Having written a book on web scraping and spent a lot of time thinking about these things, here are a few things I’ve found that a site owner can do to throw major obstacles in the way of a scraper.


The Full Time Employee's Guide to Generating Freelance Clients on the Side

  • Monday, July 7th, 2014 06:26 pm GMT -5

There are many reasons to begin freelancing while still maintaining a full time job. Whether you want to work on new projects outside the scope of your current role or make some extra money each month — or maybe you’re hoping to eventually jump into freelancing full time — getting your first few clients can be really rewarding.

But how should you get started? I’ll cover that in this article.

We’ll go over ways to build your expertise and generate demand for your time. Then we’ll talk about generating potential leads and how to convert them into paying clients. Finally, we’ll talk about some tips for your pricing conversations.

In a future article, I’ll talk about different styles of project management, easy ways to exceed your clients’ expectations, how to handle some of the legal and administrative issues you’ll face, and how to feel comfortable raising your rates. Make sure to subscribe for updates!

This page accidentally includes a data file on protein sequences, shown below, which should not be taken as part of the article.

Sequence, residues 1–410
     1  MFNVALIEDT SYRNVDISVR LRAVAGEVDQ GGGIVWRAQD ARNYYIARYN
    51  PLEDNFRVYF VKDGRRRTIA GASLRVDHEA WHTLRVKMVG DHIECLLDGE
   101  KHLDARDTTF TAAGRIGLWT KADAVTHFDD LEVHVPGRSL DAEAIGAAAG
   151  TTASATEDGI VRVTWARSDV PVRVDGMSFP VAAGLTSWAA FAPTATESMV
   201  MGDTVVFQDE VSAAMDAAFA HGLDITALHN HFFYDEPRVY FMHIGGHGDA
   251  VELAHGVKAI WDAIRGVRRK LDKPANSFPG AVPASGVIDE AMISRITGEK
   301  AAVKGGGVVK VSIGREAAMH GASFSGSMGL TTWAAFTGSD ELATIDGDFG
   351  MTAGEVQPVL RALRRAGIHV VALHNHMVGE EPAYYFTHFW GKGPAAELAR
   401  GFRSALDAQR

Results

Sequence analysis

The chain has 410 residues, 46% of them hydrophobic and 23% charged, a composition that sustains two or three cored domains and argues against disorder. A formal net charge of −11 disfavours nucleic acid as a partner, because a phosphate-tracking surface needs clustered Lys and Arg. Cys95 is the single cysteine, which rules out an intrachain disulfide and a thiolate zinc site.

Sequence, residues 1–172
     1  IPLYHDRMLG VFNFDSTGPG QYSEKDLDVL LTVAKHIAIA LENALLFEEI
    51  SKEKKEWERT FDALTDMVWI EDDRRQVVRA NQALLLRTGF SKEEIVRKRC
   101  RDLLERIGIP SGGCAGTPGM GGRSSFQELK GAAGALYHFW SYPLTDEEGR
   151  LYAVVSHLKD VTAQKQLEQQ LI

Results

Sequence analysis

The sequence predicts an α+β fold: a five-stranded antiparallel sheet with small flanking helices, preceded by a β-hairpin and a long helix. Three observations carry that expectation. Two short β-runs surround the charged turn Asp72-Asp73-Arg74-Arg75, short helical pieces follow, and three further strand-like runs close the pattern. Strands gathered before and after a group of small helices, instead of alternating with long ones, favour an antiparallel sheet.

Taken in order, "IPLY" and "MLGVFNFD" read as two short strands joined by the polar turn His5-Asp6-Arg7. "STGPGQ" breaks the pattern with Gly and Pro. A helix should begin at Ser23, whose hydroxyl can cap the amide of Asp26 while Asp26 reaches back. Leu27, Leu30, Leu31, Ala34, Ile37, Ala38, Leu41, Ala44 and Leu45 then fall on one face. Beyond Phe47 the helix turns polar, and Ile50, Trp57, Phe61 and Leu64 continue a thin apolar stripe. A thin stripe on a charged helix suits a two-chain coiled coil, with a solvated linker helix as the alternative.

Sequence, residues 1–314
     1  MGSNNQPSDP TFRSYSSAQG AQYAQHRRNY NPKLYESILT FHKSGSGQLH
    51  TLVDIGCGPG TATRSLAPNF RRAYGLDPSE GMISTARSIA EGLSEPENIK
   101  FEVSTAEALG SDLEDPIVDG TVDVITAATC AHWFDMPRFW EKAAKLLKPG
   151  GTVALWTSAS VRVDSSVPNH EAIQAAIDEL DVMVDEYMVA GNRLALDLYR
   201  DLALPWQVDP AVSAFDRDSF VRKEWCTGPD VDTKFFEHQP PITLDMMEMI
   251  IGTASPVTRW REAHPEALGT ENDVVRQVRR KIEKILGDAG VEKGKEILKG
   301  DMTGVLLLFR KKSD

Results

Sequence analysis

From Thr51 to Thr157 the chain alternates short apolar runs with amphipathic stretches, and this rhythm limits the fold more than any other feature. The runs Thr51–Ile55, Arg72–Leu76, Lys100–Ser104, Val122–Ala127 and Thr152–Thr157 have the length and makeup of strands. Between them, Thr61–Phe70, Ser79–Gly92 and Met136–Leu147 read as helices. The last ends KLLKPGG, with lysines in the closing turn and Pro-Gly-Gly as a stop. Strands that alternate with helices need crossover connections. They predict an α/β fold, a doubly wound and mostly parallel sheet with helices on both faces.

Freelance tips

Personally, I’ve worked with dozens of clients over the past few years across several different business problem domains. Some of my clients are one-person operations while others are large organizations that have run Super Bowl ads.

I learned a bunch from both my successes and my mistakes along the way as I was getting started, so I figured I’d put together a guide for other people who might want to follow a similar path.


Moving a Static Site to S3 Before My Girlfriend Got Out of the Shower

  • Friday, June 6th, 2014 04:42 pm GMT -5

I’ve got an old Rackspace instance that I’ve been running a bunch of small sites on over the past 4 years. Lately it’s been causing me problems and sites will sporadically go down from time to time.

I have been meaning to move several of the static sites onto a more appropriate static-file hosting service like Amazon’s Simple Storage Service, also known as simply “S3″.

I’m on a trip in Denver with my girlfriend right now, so when I woke up to an email that one of my sites was down again, the last thing I wanted to do was waste precious vacation time doing server ops.

Woman in the shower

Fortunately, moving the static sites to s3 was so easy, I was able to get it done before my girlfriend even got out of the shower. No vacation time wasted!


Becoming a Cold Weather Adventurer: Notes from MIT Outing Club's Winter School

  • Saturday, February 15th, 2014 03:15 pm GMT -5